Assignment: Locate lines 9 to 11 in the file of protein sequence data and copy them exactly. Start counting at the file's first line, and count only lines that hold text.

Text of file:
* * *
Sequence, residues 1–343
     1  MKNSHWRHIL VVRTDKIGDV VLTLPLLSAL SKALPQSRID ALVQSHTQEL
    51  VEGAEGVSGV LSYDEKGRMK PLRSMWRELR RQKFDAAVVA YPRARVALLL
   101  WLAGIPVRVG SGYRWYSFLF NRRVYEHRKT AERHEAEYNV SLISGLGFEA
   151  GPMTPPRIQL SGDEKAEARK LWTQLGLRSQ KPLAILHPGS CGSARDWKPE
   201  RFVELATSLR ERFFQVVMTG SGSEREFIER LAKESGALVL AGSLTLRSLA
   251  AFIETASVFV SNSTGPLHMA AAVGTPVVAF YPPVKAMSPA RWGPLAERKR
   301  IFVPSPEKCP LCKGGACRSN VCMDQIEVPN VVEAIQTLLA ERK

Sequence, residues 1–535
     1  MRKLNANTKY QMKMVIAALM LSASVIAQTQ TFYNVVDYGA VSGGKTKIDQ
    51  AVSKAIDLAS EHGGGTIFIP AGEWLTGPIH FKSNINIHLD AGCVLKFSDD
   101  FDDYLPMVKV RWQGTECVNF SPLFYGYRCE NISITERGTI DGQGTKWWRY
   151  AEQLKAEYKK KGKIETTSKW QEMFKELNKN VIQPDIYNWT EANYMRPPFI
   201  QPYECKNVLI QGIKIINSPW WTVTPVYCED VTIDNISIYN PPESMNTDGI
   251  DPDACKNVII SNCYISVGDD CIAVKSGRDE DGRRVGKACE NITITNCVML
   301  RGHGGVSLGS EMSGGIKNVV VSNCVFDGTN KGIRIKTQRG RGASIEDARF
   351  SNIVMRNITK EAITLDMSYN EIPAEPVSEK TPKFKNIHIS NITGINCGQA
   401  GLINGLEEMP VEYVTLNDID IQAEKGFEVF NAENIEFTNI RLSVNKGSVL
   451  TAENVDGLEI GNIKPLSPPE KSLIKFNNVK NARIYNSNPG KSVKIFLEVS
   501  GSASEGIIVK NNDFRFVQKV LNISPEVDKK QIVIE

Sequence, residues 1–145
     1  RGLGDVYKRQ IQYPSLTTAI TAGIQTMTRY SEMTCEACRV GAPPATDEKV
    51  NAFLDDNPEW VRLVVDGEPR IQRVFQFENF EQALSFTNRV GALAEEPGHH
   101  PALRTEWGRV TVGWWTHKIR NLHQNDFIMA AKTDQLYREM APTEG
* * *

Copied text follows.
Sequence, residues 1–535
     1  MRKLNANTKY QMKMVIAALM LSASVIAQTQ TFYNVVDYGA VSGGKTKIDQ
    51  AVSKAIDLAS EHGGGTIFIP AGEWLTGPIH FKSNINIHLD AGCVLKFSDD